FAQ for Extended Learning - Doctor's Lounge- LFT's ( Abnormal Liver Tests)
Guest: Sanjiv Chopra, MD, MACP
Hello and welcome to Frequently Asked Questions. We are joined today by Dr. Sanjiv Chopra. Doctor, how extensive a work-up should be done for a patient with unexplained and persistent elevated AST and ALT?
It's a very good question. The first thing to ponder is to ask yourself the question, "Is the elevated AST and ALT truly reflecting hepatic injury or disease? So it turns out that both AST and ALT can be elevated in non-hepatic disorders. For example, muscle injury or muscle disease can lead to an elevated AST. We were taught that in medical school, but also elevated ALT. The first step is to step back and say, "Does my patient really have liver disease, or there's something else possibly masquerading as liver disease?
If there's an elevated AST, ALT, Alk Phos, Bilirubin, Albumin, Protein then we know we're dealing with hepatobillary disease. But just elevated AST and ALT, I'd like to recommend for you, to remember a simple mnemonic. It's MCAT. Could it be muscle injury or disease? Checkup his CPK. C is for celiac disease. Celiac disease can present as unexplained liver disease. A is adrenal insufficiency or Addison's Disease. And T is thyroid. So thyroid disorders are very common and can present as myopathy, and can lead to elevated AST and ALT coming from muscle. So MCAT, Muscle Celiac Adrenal Thyroid. Check the Folic test, CPK. Celiac, we test for tTG Antibody, Tissue Transglutaminase Antibody and Serum IGA level. Adrenal, check for Serum Cortisol. Thyroid, check for TSH, Thyroid Stimulating Hormone. If those are all unrevealing or negative, then we have to say we're dealing with some kind of liver disorder. And it would necessitate an appropriate serological workup, imaging work up and possibly even a liver biopsy.
When is jaundice an emergency?
Jaundice is an emergency in only three particular instances in adult medicine. And those are, if you suspect the patient has cholangitis. They might have a common bile duct stone or a stricture and now there's infection in the biliary tree. And this can lead to gram-negative sepsis, can lead to liver abscesses, so that's an emergency. We need to image the hepatobilliary tree, do blood cultures. If there's a stone often using an endoscopic procedure, ERCP, doing a papillotomy and extracting the stone. You have to admit the patient and do all of that.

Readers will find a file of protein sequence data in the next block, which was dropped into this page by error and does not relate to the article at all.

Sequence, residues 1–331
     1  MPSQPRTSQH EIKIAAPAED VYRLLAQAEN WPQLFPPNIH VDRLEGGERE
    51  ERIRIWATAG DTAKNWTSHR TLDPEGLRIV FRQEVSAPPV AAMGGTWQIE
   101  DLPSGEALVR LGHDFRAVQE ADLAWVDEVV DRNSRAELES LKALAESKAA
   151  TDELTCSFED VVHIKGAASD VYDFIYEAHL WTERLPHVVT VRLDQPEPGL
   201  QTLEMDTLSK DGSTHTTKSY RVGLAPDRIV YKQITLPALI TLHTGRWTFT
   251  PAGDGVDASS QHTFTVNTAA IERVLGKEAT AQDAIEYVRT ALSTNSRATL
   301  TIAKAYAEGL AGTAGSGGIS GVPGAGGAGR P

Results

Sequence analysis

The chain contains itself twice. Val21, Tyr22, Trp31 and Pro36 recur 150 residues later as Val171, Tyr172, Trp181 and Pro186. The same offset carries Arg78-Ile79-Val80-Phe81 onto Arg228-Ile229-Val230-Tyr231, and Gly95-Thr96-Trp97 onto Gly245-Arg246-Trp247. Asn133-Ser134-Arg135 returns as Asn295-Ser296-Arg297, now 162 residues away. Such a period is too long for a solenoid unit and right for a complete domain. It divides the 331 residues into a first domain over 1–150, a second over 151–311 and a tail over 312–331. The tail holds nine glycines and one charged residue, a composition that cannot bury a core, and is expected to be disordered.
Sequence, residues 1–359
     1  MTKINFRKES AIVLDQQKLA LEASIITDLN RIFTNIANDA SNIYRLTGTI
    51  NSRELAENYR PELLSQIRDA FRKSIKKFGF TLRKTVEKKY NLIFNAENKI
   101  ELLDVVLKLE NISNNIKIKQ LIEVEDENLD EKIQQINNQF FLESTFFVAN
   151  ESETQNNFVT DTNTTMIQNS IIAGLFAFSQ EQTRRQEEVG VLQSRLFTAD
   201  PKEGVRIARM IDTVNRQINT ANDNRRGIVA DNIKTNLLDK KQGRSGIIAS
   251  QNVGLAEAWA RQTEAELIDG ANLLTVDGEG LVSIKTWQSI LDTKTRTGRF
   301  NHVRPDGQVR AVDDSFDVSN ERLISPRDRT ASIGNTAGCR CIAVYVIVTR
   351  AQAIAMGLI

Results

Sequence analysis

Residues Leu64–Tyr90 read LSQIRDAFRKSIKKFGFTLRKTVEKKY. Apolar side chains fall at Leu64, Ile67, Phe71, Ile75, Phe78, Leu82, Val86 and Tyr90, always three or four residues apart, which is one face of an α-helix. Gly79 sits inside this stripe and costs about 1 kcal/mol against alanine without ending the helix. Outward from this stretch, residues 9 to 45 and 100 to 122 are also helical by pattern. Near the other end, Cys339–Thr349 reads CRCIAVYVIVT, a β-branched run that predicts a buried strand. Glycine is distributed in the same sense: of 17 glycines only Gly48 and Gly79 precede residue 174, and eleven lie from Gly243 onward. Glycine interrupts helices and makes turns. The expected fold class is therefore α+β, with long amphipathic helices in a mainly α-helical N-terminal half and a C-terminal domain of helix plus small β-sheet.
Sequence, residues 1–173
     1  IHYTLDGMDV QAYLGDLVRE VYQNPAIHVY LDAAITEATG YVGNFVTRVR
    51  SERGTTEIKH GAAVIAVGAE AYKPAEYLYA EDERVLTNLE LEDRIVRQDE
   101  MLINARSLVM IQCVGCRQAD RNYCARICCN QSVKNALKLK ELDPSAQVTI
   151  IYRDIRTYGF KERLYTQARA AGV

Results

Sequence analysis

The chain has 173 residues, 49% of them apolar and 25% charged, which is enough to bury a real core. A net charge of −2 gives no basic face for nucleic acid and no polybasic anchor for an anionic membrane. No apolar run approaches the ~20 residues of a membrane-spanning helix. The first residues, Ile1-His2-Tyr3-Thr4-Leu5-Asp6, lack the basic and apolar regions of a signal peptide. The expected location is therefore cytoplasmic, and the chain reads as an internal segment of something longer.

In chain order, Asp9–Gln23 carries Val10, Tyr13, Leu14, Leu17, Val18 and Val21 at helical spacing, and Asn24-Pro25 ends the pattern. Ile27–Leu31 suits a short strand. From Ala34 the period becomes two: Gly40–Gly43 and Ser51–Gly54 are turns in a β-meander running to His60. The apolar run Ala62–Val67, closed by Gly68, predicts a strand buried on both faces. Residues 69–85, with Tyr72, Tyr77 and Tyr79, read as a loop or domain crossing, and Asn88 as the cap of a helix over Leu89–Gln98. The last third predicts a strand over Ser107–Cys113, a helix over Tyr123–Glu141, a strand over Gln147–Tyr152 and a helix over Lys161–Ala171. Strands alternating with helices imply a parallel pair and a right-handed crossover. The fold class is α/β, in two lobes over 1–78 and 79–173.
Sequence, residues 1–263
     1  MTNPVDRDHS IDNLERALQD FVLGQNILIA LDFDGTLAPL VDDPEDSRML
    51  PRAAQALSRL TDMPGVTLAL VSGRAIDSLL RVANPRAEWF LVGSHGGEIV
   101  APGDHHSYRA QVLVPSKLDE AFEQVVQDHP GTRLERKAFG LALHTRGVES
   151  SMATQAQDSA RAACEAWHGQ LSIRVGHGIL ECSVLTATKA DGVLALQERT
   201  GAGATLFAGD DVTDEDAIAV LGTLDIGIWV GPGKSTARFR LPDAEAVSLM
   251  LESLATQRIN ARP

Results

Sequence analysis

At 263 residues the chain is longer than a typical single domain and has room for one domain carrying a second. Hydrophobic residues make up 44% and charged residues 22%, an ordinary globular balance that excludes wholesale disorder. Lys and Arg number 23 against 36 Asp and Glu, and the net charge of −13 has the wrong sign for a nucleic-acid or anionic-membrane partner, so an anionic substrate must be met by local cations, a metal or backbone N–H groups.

The second situation is when the patient has Fulminant hepatic failure. Fulminant hepatic failure by definition is severe acute liver disease with any level of hepatic encephalopathy. And if that's the case, then these patients should be referred to, they are then admitted to a tertiary care center where they do liver transplants. These patients get to be number one on the liver transplant list. We don't have a treatment for Fulminant hepatic failure. There is no dialysis like we have for acute kidney failure. Fulminant hepatic failure, acute cholangitis, and the third condition in adults is massive hemolysis. They're destroying red cells that may turn out to be Babesiosis, Ehrlichiosis, Lyme disease. We actually had a patient not too long ago who had all three conditions related to a tick bite and he had massive hemolysis. That's an emergency. We need to figure out what's causing the hemolysis and treat it.
It could be malaria falciparum that is colloquially known in parts of the world where it's common as black water fever. Patients are febrile and the black water refers to the very dark urine which is related to hemoglobinuria, which is due to hemolysis. So acute cholangitis, fulminant hepatic failure, massive hemolysis are three emergencies in the setting of jaundice where the patient has to be admitted promptly to a hospital under the appropriate workup and consultation with experts has to be done.
In newborns, if they have severe unconjugated hyperbilirubinemia, that's the bilirubin that crosses the blood brain barrier. And it can stain the basal ganglia and other parts of the brain and can lead to Kernicterus and can lead to choreoathetosis, mental retardation, deafness. So that's an emergency. We see a rising unconjugated bilirubin in newborns. While we are making the diagnosis, is it Crigler-Najjar type 1? What is the cause of this severe unconjugated hyperbilirubinemia? We put the patient under bilirubin lights, that leads to photo degradation of bilirubin. And then the bilirubin levels come down as the photo-degraded products of bilirubin are excreted, and get out of the system. So only four situations, three in adults: Acute cholangitis, fulminant hepatic failure, massive hemolysis, and in newborns, severe unconjugated Hyperbilirubinemia.